- Conferences Journals and Workshops
- Distributed Systems
- File Systems
- Key-Value Stores
- Media File Systems
- Name Spaces
- Network File Systems
- Non-Volatile Memory
- Operating Systems
- Research Ideas
- Semantic File Systems
Subscribe to Blog via Email
This is my first post in over a month. The past five weeks have been eventful – a period upon which I suspect I will look back in the future and remark about how so much change can be packed into such a small amount of time.
My former employer and I parted the ways on November 15. While not entirely a surprise, the manner in which it was carried out was a surprise. The week that followed included a trip to the company HQ (in the eastern US), at my own expense, of course, and ultimately finding out that not only had I lost my positions with the company and been locked out of my own offices here but they had also seized control of my shares in the company.
I took stock of my situation and decided that I needed to deal with wrapping things up and planning for the future.
Thus, I briefed my lawyers to the extent possible. I decided that I would sign up for three classes in the Spring 2017 session for my MSCS program which would put me in a position to graduate at the end of Summer 2017. This seemed like a terrific idea given that I wouldn’t be working for some period of time!
I also decided that I would push ahead with the PhD applications. On December 4, 2016 I submitted three applications: two to UBC (CS and ECE) and one to Georgia Tech (CS). I chose ECE at UBC because my professor at Georgia Tech had strongly recommended someone in that program, though I wasn’t convinced they’d be willing to waive the usual thesis requirements (though you’d think that having published two books in the field might count for something.)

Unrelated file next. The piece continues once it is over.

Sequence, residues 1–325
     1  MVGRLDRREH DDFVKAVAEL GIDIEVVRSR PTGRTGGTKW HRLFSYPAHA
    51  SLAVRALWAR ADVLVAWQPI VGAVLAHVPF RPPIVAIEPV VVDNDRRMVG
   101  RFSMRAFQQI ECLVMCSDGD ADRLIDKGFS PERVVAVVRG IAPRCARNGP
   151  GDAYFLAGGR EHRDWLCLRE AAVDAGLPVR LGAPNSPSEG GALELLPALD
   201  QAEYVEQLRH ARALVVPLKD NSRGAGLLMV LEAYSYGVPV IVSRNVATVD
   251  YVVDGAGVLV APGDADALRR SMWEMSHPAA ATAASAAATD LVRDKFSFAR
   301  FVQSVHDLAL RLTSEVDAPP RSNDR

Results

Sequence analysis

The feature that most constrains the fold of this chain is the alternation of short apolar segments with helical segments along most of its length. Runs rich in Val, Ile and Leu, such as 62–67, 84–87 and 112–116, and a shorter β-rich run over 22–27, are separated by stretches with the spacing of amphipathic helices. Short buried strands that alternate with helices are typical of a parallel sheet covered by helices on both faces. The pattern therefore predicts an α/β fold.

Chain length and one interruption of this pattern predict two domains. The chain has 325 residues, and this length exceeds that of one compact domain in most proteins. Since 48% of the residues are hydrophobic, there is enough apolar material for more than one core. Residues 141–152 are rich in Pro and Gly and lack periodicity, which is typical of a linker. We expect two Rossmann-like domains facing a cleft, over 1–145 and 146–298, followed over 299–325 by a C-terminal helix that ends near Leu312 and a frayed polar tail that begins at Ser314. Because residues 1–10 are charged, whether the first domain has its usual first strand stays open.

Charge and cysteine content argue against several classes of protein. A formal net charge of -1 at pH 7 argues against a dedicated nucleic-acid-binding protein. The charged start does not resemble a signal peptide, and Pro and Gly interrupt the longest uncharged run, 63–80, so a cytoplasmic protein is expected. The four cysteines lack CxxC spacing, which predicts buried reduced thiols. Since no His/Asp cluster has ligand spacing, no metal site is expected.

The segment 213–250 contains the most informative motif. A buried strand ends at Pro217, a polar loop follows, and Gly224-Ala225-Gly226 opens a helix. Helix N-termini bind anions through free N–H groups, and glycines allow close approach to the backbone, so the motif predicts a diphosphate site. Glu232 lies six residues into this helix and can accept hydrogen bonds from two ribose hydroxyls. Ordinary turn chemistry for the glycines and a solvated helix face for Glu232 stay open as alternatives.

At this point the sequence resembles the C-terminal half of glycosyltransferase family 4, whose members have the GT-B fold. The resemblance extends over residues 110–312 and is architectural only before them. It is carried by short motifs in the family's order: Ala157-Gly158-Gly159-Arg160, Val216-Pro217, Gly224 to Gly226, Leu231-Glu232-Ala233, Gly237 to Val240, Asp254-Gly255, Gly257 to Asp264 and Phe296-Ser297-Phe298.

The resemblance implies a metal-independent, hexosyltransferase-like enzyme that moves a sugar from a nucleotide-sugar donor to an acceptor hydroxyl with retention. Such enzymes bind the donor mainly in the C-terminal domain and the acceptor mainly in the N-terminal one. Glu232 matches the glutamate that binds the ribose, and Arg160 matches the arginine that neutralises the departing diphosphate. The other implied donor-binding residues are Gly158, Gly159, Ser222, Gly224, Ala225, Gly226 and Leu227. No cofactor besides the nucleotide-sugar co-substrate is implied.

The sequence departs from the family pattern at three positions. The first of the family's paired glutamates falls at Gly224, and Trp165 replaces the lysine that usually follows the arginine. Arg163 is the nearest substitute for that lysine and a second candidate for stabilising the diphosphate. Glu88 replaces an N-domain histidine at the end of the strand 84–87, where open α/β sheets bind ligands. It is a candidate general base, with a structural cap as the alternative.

The surprise came the next day. That afternoon I’d received a letter forwarded to me by my legal counsel. It seemed filled with invective and really had upset me because it painted a picture of me that certainly didn’t square with my vision of myself. To console myself, I convinced my spouse to meet up for an after-work drink. As we sat down I looked at my phone and saw an e-mail from a UBC CS professor – in fact, the very person I’d originally identified as being a strong prospective match back in 2013 when I had previously applied.
Imagine my surprise as I read the letter and found he suggested meeting and discussing my “(interesting) application”. My mood changed – I responded quickly, said I was available and responded. A few exchanges later, we’d agreed to meet for coffee nearby two days afterwards. That initial meeting was short (45 minutes) and while it seemed positive, he’d been clear that I’d have to wait until the end of the PhD recruiting process. He also suggested that I sign up to take the class he is teaching in January, noted there were forms that needed to be completed and left it to me to chase that to ground. The final suggestion was that I meet with one of his current graduate students.